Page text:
Slave Pianos, Slave Chamber: menage a quatre, Programme Text
slave chamber: menage a quatre
¡¡EMANCIPATE THE DISSONANCE!!
Thursday December 2 [opening]
470 Broome Street
Slave Chamber: menage a quatre
FLUX Quartet perform
[four or five pieces for string quartet]
II SOLVER 3 1997
I Bill VIOLA buried secrets 1995
IV Kurt Merz SCHWITTERS ursonate 1922–32
V the GOBBLER lazy siren 1998
George MACIUNAS In memoriam Adriano Olivetti 1961
[string quartet no 2.]
I Christian MARCLAY one thousand cycles 1981
II Jean TINGUELY Hegel 1988
III Martin KIPPENBERGER new york - auschwitz 1979
IV Marcel DUCHAMP musical erratum 1913
violin Tom Chiu
violin Cornelius Dufallo
viola Kenji Bunch
cello Darrett Adkins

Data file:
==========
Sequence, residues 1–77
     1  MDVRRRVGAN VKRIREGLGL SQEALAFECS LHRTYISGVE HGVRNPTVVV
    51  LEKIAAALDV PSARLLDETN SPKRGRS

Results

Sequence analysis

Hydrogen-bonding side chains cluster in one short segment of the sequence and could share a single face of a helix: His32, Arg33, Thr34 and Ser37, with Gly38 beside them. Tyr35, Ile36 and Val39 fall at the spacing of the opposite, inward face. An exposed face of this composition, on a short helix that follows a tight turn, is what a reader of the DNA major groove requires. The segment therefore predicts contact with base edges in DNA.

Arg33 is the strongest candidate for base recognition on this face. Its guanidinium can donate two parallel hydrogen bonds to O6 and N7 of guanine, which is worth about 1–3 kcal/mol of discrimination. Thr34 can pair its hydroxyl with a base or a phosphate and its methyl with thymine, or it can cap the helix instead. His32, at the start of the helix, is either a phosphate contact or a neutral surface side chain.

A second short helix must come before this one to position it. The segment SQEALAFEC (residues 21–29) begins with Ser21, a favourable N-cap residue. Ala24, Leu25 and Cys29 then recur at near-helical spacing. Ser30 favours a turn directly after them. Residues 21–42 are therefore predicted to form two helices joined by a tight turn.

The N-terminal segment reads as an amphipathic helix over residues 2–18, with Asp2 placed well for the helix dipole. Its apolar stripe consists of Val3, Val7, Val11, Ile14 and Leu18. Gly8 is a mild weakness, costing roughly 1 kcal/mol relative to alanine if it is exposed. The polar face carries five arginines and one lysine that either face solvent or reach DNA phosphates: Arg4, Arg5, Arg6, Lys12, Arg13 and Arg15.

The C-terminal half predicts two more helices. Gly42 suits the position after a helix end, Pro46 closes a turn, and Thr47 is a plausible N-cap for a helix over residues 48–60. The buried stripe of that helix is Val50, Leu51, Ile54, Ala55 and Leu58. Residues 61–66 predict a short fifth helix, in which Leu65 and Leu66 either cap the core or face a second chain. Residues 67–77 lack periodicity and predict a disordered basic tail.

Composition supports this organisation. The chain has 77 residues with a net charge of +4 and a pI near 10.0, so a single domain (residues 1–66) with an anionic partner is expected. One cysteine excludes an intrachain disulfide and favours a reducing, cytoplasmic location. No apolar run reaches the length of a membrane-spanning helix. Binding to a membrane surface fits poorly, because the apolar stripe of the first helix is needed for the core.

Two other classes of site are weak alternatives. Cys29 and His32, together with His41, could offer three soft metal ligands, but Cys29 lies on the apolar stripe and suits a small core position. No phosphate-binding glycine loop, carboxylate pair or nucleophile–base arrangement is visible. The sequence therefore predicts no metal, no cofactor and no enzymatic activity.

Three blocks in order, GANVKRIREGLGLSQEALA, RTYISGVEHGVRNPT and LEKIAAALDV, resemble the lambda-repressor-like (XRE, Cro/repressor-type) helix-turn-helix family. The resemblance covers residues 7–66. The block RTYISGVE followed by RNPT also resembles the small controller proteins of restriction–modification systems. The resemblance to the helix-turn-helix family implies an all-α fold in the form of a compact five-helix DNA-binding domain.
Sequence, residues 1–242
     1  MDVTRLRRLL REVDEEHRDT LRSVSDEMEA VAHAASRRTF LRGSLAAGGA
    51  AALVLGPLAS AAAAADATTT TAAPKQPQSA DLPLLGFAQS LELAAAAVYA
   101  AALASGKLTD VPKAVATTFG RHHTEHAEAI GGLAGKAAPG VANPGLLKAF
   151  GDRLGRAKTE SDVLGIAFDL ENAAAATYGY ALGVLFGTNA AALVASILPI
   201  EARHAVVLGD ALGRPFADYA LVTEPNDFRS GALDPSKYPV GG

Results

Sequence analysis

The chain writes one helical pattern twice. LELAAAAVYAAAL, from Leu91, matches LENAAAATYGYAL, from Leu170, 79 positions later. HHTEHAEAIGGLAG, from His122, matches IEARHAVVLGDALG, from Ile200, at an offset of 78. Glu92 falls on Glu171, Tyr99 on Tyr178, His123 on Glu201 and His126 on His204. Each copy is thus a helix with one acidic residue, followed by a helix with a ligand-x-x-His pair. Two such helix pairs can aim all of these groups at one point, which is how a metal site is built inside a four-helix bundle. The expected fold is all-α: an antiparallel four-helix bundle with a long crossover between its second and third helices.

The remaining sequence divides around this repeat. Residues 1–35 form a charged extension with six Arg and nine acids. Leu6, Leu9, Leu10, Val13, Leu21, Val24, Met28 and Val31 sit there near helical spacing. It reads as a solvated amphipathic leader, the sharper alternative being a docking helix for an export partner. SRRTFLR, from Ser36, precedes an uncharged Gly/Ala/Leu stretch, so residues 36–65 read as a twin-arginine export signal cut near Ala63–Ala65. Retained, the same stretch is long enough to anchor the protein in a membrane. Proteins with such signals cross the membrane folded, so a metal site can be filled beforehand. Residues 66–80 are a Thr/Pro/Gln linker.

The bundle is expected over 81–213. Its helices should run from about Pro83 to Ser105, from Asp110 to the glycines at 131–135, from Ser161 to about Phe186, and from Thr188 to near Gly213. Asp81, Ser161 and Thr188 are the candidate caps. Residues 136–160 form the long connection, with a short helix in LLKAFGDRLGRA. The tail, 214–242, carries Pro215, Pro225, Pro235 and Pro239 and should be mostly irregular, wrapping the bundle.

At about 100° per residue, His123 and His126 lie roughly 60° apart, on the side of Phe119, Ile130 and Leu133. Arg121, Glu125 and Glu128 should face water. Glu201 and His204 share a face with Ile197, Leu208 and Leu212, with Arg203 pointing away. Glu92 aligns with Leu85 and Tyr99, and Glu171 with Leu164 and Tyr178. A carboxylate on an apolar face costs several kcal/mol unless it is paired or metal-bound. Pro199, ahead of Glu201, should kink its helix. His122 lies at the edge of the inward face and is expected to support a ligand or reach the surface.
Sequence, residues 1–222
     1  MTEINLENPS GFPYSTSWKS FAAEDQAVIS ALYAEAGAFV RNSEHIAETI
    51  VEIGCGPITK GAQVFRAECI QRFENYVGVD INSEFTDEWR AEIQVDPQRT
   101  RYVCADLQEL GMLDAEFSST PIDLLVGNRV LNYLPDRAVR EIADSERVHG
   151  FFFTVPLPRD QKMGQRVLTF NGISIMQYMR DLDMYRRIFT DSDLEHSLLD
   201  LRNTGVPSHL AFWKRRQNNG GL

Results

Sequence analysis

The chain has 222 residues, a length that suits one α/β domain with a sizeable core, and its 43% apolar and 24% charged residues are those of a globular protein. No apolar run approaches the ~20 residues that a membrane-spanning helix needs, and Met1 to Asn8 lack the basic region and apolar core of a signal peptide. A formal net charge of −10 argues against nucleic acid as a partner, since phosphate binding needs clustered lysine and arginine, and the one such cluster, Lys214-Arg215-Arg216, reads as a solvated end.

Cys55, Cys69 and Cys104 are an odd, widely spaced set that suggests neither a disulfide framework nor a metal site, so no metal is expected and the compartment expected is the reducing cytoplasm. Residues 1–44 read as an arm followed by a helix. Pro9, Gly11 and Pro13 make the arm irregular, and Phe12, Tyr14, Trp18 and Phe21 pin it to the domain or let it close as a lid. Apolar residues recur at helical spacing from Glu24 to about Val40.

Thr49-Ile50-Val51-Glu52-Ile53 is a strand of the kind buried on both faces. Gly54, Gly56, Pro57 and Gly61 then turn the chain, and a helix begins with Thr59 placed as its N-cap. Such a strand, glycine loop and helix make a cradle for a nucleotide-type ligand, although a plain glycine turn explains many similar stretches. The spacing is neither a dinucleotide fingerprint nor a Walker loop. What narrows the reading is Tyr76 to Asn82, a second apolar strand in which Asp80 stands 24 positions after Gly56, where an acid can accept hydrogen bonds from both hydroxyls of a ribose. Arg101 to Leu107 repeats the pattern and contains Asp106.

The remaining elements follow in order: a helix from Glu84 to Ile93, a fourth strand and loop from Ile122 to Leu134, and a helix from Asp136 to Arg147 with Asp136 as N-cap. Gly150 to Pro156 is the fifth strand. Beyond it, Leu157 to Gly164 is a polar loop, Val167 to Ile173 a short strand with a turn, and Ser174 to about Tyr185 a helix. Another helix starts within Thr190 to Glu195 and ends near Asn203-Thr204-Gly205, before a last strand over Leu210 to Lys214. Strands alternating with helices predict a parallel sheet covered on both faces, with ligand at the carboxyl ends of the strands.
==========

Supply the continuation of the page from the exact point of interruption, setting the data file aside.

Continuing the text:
As graduates of the prestigious Julliard School, FLUX formed their string quartet in 1995 and have already established their regular presence at the Lincoln Center, the Museum of Modern Art and the Knitting Factory, Substation and the Landon Gallery. As well as their exemplary performances of the modern string quartet repertoire, FLUX have uncovered exciting new composers and collaborations with musicians from other musical disciplines, including Alice Cooper, DJ Spooky, The Who and Ornette Coleman. The FLUX performance/collaboration with SLAVE CHAMBER brings together their interest in the history of shared art/music traditions.